The preclinical study of an OsteoAnchor hip replacement showed the technology immediately grips the bone effectively, that recovery after surgery is quicker and – most essentially – the hip replacements remain very secure due to extensive bone in growth, according to Harrison. The team is now moving towards clinical trials.

“We have put together a team of orthopaedic surgeons to work with us to design a hip implant with OsteoAnchor,” he says. “The target application is a revision hip stem, those are for patients having their second or third hip replacement in the same leg – that is one of the most challenging kinds of orthopaedic surgery, and it’s where OsteoAnchor can make a huge impact. In the future we hope to have OsteoAnchor knee and shoulder implants, but for now we are concentrating on hips.”

Self-sterilising uniforms

Another technology with the surface in mind is Nanoplast, which looks to combat healthcare-associated infection with just the flick of a light switch or a walk outside. Developed by an EU-funded project led by the University of Limerick (UL), the technology puts light-activated nanoparticles onto the surface of textiles.

In practice, that would mean that someone wearing a uniform in a hospital could sterilise their clothes simply by spending time in a lit room, or going for a walk outside in sunlight, explains Dr Patrick Cronin, who is on the research team at UL.

The study showed that light-activated titanium nanoparticles on the textiles are active against MRSA, and when silver-doped titanium nanoparticles on the textiles were exposed to light, they killed E. coli. And even after 40 washes, the Nanoplast-treated textile was still able to combat bacteria, notes Cronin.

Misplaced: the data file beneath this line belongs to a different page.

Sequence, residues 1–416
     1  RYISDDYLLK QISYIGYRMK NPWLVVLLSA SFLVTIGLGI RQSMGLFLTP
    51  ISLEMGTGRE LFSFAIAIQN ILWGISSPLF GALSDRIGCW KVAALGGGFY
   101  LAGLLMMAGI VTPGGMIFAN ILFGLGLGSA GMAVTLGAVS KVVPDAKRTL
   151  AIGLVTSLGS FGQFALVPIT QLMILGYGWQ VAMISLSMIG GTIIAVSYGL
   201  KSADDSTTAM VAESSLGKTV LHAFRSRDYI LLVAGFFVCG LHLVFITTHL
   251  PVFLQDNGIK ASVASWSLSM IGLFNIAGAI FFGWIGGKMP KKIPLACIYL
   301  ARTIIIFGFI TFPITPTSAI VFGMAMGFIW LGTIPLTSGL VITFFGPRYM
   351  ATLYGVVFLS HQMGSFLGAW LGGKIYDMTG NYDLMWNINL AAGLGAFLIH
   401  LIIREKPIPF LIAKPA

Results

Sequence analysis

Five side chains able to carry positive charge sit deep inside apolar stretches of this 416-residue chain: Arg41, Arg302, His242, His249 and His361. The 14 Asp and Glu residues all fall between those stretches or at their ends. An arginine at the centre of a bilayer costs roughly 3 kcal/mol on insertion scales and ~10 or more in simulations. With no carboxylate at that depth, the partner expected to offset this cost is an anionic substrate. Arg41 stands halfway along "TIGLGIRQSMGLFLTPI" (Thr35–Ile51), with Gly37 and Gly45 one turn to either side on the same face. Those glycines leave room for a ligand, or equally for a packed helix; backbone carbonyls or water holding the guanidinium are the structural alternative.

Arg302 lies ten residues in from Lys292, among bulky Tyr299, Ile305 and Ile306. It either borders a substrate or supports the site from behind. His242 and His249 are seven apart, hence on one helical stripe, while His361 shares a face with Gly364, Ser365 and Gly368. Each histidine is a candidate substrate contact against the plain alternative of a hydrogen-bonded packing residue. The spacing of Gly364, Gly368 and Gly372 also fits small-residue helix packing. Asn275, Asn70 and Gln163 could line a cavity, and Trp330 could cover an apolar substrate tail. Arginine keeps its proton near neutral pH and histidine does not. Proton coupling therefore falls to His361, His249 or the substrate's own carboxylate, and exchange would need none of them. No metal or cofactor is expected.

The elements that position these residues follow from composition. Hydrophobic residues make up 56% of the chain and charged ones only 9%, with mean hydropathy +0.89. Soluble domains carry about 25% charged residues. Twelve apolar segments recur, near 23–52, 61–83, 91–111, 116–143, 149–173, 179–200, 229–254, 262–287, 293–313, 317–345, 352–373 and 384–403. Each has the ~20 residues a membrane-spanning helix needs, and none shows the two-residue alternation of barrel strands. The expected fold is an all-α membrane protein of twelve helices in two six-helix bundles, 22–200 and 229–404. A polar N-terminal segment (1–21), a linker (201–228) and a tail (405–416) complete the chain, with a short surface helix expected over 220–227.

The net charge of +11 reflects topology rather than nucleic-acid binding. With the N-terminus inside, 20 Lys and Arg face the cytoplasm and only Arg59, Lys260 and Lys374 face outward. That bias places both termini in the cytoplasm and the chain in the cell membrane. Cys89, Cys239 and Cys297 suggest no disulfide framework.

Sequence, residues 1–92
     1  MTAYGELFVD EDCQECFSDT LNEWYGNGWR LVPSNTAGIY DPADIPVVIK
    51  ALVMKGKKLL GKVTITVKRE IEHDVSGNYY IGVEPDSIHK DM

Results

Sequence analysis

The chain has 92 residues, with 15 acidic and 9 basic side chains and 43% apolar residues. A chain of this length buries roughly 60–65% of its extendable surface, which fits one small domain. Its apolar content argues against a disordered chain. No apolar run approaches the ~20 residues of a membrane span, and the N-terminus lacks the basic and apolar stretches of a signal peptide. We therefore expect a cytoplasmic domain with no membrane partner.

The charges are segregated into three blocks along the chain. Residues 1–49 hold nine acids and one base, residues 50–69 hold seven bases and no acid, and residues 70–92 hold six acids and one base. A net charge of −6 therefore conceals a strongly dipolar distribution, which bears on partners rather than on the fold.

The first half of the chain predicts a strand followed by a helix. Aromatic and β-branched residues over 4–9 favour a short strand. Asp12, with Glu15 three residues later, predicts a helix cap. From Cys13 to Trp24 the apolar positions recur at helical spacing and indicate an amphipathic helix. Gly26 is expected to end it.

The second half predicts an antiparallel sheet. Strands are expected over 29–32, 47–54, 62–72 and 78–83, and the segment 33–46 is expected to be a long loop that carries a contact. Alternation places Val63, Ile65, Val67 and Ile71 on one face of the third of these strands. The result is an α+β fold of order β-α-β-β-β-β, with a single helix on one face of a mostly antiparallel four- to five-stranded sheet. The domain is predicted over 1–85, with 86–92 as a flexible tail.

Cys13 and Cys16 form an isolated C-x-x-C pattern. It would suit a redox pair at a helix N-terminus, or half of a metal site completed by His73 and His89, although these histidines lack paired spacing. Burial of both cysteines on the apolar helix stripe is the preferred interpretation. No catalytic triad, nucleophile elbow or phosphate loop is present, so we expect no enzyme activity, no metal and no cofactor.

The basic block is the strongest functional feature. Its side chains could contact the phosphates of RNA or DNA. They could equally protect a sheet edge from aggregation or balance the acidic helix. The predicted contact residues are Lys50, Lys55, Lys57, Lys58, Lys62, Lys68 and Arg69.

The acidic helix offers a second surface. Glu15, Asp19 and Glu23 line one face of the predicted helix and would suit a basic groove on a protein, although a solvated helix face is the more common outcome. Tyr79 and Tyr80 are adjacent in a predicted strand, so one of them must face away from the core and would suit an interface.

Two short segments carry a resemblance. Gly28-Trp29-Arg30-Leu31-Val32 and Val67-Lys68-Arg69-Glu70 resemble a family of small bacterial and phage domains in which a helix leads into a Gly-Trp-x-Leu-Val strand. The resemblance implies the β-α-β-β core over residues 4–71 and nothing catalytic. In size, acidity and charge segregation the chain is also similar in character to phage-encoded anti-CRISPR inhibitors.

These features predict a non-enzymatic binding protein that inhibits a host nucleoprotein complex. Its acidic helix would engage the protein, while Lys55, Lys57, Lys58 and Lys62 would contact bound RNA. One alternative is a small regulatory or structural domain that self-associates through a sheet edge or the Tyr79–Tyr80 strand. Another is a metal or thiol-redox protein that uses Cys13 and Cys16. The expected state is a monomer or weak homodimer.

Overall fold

The EU-funded project has now finished, but through Enterprise Ireland and the Technology Transfer Office at UL, the team is now developing the technology for scale-up and commercialisation.

Economic relevance

Seán Sherlock, Ireland’s Minister for Research and Innovation, will be at Big Ideas to present commercialisation awards.

He tells Siliconrepublic.com the event highlights the economic relevance of publicly funded research that’s managed through agencies, such as Enterprise Ireland and Science Foundation Ireland: “It’s a great showcase for where that spend is going.”

Industry engagement on the day is vital to its success, he adds.

“This will lead to new spin-out companies, to increased licensing of technologies and to growing existing Irish companies,” says Sherlock. “It’s also an ideal opportunity for people to establish contacts in academia and industry.”

Enterprise Ireland’s Big Ideas Technology Showcase takes place at the Aviva Stadium in Dublin on 28 November.

Siliconrepublic.com is hosting Med Tech Focus, an initiative which over coming months will cover news, reports, interviews and videos, documenting Ireland’s leading role in one of the hottest sectors in technology.